Full power old school feel!
This book expands the Swords and Wizardry Core Rules (http://www.swordsandwizardry.com/) to cover all of the early phase supplements from the 1970’s. It creates a 1-volume resource allowing the players and game masters alike to create and run adventures and campaigns that will last for an entire lifetime. The game is supported by a vast array of adventures, and other resources that are produced by Frog God Games.
This is the game you played 40 years ago. It’s true to the original style and philosophy that made the game great. No “Spot Checks” here. Simple, flexible rules that allow players and game masters alike to roll play and roleplay. This stand-alone tome provides all the rules you need to play the game. Its easily transferable as a rules set for other retro-clone games as well as those old dusty modules you still have in the attic.
In 1974, Gary Gygax (1938-2008) and Dave Arneson (1947-2009) wrote the world’s first fantasy role-playing game, a simple and very flexible set of rules that launched an entirely new genre of gaming. In the year 2000, Wizards of the Coast, Inc. (holder of the “Dungeons & Dragons” trademark) released the “Open Game License,” which allows third parties, like us, to use various intellectual properties historically associated with the Dungeons & Dragons game – although not the actual trademarked name itself, and with specific terms and restrictions.
This book is an unofficial, “re-stated” version of the original Gygax & Arneson rules (0e), created using the Open Game License. This original game consisted of a boxed set of three booklets: Men & Magic, Monsters & Treasure, and The Underworld & Wilderness Adventures. Four supplements were also written by Gary Gygax, Rob Kuntz and others between 1975 and 1977, containing options for expanding the game with new rules. Collectively, all those booklets are often referred to as “0e,” standing for “zero edition,” and we mention the “Original Game” from time to time in this book, as a reference point. Swords & Wizardry re-describes selected rules from all seven of the Original Game booklets, taking some and leaving some. In general, Swords & Wizardry adopts class, monster, and spell rules from all the supplements, but sticks to the simpler combat mechanics from the boxed set and the first supplement only. Tim Kask, the first editor of the Dragon Magazine(TM), the first employee of TSR, Inc., and the editor of Supplements 2-4 for Original Dungeons & Dragons (TM), has more to say about that in the Foreword.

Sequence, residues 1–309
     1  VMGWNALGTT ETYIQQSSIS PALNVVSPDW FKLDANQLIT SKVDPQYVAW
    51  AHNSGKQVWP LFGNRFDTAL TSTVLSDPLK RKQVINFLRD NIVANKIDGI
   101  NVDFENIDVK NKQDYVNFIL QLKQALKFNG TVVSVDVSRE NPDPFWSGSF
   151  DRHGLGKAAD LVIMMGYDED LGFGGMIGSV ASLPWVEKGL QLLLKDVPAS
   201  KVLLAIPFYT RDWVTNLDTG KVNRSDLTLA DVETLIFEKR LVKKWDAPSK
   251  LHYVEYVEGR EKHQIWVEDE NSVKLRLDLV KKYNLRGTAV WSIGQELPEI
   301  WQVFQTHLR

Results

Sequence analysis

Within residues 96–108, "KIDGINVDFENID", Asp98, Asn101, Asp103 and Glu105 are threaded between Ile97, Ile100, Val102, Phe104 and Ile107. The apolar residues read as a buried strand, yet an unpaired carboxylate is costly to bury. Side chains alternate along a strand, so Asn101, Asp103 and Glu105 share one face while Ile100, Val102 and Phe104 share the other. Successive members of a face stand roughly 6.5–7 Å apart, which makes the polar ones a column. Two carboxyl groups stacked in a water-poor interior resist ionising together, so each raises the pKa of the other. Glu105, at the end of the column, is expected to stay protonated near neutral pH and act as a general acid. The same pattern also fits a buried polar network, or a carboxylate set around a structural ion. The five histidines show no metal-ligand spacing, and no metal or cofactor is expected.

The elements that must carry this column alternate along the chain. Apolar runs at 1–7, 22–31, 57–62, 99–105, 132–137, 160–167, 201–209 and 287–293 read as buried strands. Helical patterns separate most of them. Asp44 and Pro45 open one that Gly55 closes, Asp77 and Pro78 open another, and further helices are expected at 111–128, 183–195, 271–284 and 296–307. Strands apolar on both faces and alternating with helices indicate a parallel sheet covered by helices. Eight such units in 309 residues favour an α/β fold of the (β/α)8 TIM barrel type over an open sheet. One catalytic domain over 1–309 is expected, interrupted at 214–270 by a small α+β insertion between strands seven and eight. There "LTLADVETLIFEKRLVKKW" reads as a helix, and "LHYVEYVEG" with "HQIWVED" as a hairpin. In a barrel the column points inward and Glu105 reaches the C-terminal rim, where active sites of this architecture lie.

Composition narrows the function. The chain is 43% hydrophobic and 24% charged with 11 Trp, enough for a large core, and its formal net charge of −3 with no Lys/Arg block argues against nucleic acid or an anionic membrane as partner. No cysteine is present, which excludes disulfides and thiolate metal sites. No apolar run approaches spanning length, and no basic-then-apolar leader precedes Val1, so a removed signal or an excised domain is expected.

The Swords & Wizardry rules are extremely short, compared to the multi-paged rule-libraries required to play most modern role-playing games. Yet this game contains within itself all the seeds and soul of mythic fantasy, the building blocks of vast complexity, the kindling of wonder. “Edition Zero” is so powerful because it’s encapsulated in a small formula, like a genie kept imprisoned in the small compass of an unremarkable lamp. Take this framework, and then imagine the hell out of it![wpdevart_youtube]wlnmcyWT8-I[/wpdevart_youtube]
Note: The Otus Cover Rulebook is basically the same as the first Complete Rulebook that was a limited printing. All of the identified errata (typos) have been fixed, and there have also been several minor adjustments to monsters, bringing them in line with the original, source rules from 1974-1977. The only rule that has been changed is the rule for combat movement. Combat movement is now your movement rate divided by 3, times 10. That’s per round, and it’s either in feet (for inside/underground) or in yards or meters as chosen (outside). So, for example, a movement rate of 6 is 20ft/round, movement rate of 90 is 30ft/round, and movement rate of 12 is 40ft/round.